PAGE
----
sinew \ ˈsin-(ˌ)yü \ noun
1. a cord or band of inelastic tissue connecting a muscle with its bony attachment, also called a tendon
2. the possession of muscular strength and power
The word sinew has appeared in 11 articles on NYTimes.com in the past year, including on July 1 in “Do Empty Stadiums Affect Outcomes? The Data Says Yes” by Rory Smith:
That first weekend, the players felt it. There was no wall of sound to greet them as they entered the field, no roar to urge them on after a setback, no delirium to greet a goal.
Empty stands seemed to sap games of their urgency and intimidating stadiums of their hostility. At least one player noted motivation — to strain that final sinew, to make that last burst — was more elusive in the silence. Many fans, watching on, seemed to detect the same lack of intensity.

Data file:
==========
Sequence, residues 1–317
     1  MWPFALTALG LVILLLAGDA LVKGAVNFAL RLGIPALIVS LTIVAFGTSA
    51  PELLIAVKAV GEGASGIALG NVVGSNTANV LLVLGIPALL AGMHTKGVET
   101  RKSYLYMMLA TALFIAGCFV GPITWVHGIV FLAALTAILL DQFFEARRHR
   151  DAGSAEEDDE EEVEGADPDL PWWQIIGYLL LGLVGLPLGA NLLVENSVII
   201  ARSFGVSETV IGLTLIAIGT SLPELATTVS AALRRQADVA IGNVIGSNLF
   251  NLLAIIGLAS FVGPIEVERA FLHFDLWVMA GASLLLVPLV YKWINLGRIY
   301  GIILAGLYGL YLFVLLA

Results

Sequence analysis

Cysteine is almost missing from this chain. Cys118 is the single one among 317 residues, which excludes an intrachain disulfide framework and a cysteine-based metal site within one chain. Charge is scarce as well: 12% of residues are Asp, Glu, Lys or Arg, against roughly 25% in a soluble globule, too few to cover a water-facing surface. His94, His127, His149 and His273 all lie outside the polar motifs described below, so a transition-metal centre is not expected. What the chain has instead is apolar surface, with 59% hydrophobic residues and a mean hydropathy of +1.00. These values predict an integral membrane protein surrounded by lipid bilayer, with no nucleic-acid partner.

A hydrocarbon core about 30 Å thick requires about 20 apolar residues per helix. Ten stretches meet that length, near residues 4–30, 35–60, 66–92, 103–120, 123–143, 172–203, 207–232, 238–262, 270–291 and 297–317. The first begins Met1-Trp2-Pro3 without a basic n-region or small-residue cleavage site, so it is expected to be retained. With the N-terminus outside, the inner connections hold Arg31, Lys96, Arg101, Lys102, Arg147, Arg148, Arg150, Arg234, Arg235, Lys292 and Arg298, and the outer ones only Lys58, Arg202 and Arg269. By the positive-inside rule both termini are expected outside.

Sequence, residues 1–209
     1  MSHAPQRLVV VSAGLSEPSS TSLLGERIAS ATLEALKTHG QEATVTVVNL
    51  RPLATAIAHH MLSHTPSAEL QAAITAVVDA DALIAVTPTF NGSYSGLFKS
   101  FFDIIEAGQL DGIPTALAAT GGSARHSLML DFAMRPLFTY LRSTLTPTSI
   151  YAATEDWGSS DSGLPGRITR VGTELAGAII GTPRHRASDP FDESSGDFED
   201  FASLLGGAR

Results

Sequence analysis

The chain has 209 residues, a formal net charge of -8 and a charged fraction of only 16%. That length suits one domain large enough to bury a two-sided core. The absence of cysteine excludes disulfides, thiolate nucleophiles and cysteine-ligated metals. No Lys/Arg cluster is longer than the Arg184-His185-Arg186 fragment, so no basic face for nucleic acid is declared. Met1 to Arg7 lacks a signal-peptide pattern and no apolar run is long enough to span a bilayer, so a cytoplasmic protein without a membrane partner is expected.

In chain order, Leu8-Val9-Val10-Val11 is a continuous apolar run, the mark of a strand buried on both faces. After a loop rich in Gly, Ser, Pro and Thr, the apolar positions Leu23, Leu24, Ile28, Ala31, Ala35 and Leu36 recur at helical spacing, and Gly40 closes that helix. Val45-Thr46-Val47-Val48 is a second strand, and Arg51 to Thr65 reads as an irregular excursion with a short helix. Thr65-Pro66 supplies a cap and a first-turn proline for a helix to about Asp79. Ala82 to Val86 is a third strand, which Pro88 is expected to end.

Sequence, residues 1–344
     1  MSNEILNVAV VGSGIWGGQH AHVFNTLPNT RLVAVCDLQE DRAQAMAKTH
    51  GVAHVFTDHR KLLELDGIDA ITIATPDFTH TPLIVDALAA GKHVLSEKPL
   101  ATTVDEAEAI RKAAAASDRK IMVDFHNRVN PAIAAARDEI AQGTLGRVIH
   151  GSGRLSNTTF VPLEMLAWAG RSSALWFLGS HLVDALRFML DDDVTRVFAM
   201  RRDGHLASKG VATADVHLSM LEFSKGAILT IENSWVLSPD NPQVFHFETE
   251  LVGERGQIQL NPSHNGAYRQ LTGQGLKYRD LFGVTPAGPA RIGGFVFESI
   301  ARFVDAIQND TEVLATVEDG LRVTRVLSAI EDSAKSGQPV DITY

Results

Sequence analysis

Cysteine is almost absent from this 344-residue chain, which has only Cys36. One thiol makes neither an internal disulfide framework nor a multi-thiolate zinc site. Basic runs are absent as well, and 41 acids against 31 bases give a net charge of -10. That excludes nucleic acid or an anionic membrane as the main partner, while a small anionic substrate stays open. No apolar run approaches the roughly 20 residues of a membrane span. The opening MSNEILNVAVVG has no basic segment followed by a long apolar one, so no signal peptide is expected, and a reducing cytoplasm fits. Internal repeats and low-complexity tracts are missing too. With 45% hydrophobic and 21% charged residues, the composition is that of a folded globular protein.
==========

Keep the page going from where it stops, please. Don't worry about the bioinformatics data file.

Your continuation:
Daily Word Challenge
Can you correctly use the word sinew in a sentence?
Based on the definition and example provided, write a sentence using today’s Word of the Day and share it as a comment on this article. It is most important that your sentence makes sense and demonstrates that you understand the word’s definition, but we also encourage you to be creative and have fun.
Then, read some of the other sentences students have submitted and use the “Recommend” button to vote for two original sentences that stand out to you.
If you want a better idea of how sinew can be used in a sentence, read these usage examples on Vocabulary.com.
Students ages 13 and older in the United States and the United Kingdom, and 16 and older elsewhere, can comment. All comments are moderated by the Learning Network staff.